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Plain Speaking: An Oral Biography of Harry S. Truman Hardcover – 1 Feb 1974
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Fine cloth copy in a near-fine, very slightly edge-nicked and dust-dulled dw, now mylar-sleeved. Remains particularly and surprisingly well-preserved overall; tight, bright, clean and strong. ; 448 pages; Physical desc. : 448 p. ; 24 cm. Subject: Presidents - United States - Biography.
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Arranged chronologically, the reader is taken through this remarkable life, the challenges Truman faced and his views on issues and personalities. On these pages we read Truman's uncensored opinions on MacArthur, Ike, Marshall and generals in general, Dean Atcheson, Richard Nixon, the presidency and a host of other topics. Here we learn his conviction that the U. S. has never had a crooked president and that "The only thing new is the history you don't know."
There are other, better, first biographies to learn the facts of Truman's life. Turn to "Plain Speaking" to meet Harry Truman.
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The last few presidents can't hold a candle to Truman, and that's the really sickening lesson I learned from this book. Just go order the book. Every time Truman opens his mouth, you'll just be amazed at his integrity and be rejuvenated by it. Seriously, just reading this book will make you a better person.
HST was fortunate in that history offered him many opportunities to prove his skills and his greatness. (Most historians now rank him among the top five). For example, not every president gets to be a 2-time wartime president, or to replace an FDR (the nation's only 3-time and 4-time president that most Americans truly loved (regardless of how the Neocons now portray him), or to make the many critical decisions that HST was compelled to make.
The book's table of contents pretty much summarizes the major problems that HST had to deal with during his long political career and his 2 terms (minus 3 months) as president: two times he had to fight hard as the underdog for his seat in the Senate and once, in 1948 - likewise, as the underdog against Dewey, he had to overcome great odds to win his presidential re-election fight. Many times he had to render major, often unpopular, decisions: for example, he endorsed the establishment of the new state of Israel; he ordered the dropping of A-bombs on Japan; he ordered the integration of the armed forces; he halted a steel strike that threatened the unbroken supply of war materials; he ordered the implementation of the post-war, multi-billion dollar economic recovery plan for Europe (called the Marshall Plan - but actually Truman's plan); he endorsed the creation of the U.N.; he endorsed the creation of NATO with U.S. participation; he ordered U.S. troops into Korea in 1950 to halt communist aggression; he `fired' the highly popular 5-star General MacArthur when the latter challenged the authority of the president; etc., etc.. HST said that hard decisions were easy for him; he simply did what he thought was right!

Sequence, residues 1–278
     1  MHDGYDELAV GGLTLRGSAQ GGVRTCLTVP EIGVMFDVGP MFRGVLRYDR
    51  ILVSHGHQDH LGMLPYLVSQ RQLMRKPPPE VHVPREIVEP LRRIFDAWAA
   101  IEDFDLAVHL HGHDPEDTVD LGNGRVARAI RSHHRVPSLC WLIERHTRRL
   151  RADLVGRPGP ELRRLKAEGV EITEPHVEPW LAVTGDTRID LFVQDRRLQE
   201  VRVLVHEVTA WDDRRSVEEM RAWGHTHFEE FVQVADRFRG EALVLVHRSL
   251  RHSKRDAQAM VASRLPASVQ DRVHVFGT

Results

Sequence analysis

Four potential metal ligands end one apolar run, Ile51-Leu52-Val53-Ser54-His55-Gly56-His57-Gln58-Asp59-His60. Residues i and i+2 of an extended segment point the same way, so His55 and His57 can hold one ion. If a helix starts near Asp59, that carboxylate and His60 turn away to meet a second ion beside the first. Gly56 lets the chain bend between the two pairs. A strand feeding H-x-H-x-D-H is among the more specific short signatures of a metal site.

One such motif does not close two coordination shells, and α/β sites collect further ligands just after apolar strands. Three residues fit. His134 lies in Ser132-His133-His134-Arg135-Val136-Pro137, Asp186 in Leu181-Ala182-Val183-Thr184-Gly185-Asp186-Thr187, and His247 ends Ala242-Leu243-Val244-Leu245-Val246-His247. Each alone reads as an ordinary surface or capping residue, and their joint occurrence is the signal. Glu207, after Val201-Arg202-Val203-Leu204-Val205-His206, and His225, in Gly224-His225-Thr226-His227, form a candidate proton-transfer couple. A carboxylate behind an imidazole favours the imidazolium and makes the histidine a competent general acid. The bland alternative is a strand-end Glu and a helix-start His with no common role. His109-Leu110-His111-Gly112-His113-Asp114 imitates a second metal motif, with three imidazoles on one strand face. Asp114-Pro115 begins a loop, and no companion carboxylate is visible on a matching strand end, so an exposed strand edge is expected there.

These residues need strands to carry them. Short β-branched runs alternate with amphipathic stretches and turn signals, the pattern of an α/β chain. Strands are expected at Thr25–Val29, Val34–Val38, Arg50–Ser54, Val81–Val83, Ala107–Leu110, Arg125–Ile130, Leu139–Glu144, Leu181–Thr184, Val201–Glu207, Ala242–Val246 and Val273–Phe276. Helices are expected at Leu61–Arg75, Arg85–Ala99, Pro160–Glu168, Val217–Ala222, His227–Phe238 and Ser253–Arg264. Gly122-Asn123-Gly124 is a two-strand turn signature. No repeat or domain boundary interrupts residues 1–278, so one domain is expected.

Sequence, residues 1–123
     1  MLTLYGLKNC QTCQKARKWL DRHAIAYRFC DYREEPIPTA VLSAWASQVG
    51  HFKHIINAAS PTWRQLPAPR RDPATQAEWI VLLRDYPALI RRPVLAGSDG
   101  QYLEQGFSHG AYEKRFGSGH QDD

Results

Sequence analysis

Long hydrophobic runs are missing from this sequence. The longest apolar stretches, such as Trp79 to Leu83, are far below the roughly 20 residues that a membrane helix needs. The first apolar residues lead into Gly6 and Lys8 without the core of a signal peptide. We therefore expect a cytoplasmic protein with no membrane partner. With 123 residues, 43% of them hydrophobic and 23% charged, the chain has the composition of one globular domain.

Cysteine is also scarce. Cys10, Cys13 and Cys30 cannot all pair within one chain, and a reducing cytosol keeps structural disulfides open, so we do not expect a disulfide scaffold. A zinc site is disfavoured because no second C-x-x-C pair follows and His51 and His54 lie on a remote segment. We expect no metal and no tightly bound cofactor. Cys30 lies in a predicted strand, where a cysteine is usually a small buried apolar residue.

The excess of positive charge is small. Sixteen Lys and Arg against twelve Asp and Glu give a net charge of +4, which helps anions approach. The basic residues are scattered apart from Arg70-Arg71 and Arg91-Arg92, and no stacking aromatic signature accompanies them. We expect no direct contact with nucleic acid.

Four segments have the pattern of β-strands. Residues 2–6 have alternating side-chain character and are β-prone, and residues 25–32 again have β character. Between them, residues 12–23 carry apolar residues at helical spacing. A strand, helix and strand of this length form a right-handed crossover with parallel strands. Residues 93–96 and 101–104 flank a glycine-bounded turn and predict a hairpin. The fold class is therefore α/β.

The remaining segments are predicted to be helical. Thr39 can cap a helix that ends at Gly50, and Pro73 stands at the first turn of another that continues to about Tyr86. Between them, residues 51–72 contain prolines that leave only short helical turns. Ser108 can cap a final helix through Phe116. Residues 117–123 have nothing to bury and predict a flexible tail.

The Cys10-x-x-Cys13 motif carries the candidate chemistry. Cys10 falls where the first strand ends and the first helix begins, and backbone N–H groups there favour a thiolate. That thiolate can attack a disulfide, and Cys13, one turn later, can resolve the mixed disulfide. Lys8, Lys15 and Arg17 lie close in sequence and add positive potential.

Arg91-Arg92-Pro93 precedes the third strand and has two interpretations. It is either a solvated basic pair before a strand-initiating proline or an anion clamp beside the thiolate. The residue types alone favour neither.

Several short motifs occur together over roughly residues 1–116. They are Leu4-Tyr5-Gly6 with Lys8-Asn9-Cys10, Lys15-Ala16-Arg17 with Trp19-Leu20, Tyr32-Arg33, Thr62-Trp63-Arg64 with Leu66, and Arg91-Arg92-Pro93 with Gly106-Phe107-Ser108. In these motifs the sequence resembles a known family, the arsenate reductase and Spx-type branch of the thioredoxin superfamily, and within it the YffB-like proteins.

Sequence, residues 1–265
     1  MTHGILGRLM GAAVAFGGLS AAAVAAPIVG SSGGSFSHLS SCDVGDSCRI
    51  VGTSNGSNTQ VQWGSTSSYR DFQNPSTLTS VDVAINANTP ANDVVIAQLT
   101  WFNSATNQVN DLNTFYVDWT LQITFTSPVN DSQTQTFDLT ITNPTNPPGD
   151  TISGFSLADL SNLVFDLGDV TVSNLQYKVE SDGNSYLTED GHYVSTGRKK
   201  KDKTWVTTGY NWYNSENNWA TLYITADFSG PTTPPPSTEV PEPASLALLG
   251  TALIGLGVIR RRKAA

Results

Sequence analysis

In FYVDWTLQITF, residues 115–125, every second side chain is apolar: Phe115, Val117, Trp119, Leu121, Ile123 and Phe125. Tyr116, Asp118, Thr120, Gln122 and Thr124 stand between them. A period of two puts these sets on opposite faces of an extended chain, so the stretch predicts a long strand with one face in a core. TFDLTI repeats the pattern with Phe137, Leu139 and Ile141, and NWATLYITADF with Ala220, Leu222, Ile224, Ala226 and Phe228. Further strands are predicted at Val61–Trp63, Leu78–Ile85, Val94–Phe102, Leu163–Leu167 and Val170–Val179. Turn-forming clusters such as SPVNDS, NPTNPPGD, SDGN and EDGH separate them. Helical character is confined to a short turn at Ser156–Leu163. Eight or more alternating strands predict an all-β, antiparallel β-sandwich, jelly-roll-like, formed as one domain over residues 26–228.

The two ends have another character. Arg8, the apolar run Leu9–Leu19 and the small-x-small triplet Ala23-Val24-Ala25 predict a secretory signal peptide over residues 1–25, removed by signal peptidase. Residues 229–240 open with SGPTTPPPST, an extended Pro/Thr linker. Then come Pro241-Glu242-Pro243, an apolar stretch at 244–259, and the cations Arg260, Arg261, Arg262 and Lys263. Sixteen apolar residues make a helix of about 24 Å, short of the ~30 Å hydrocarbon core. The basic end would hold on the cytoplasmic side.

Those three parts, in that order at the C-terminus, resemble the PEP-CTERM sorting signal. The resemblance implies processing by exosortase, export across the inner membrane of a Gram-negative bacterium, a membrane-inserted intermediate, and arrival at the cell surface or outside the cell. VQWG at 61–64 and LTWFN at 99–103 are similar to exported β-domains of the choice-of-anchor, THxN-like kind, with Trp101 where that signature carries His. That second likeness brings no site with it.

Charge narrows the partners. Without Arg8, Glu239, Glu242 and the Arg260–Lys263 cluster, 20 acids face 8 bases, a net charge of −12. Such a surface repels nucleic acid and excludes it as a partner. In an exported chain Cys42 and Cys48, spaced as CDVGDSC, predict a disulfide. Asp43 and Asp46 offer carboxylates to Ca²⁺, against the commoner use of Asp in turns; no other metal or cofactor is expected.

Many reviewers confess that prior to reading this book they had no sense of HST's presidency, or that he was significant or even great. After reading this book, however, many of them now feel that HST was both a great man and a great president. Is there any better example of what a little reading can do for a person's judgment - or, expressed another way, is there any better example of how 'ignorance can breed contempt' - or indifference?
citizen, soldier, patriot, failed haberdasher, who made decisions that literally saved
The Man from Independence was the real deal. His star has steadily risen, while his
critics who hated him have been relegated to the dustbin of history.
He lived by Mark Twain's words- always do right, it will gratify some and astonish the rest.